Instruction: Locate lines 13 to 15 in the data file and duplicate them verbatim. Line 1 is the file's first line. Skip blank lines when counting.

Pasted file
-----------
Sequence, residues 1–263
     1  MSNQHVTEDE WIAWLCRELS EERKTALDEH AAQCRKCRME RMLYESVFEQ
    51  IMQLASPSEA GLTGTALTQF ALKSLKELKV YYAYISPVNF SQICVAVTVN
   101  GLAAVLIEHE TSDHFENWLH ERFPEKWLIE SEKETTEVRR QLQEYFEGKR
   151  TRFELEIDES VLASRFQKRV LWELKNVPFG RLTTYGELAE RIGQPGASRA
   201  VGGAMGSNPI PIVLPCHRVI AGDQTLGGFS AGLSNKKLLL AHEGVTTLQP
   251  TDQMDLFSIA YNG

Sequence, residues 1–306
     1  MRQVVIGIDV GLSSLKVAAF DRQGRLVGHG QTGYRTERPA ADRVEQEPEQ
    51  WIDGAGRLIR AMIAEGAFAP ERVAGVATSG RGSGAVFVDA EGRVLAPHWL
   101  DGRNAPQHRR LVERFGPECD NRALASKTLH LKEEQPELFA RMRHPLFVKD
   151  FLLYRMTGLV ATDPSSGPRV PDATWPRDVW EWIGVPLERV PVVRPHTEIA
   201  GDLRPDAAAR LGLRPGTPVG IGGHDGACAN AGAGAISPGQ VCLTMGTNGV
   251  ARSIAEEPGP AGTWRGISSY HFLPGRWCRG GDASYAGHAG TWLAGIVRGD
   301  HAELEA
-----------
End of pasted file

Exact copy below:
   201  GDLRPDAAAR LGLRPGTPVG IGGHDGACAN AGAGAISPGQ VCLTMGTNGV
   251  ARSIAEEPGP AGTWRGISSY HFLPGRWCRG GDASYAGHAG TWLAGIVRGD
   301  HAELEA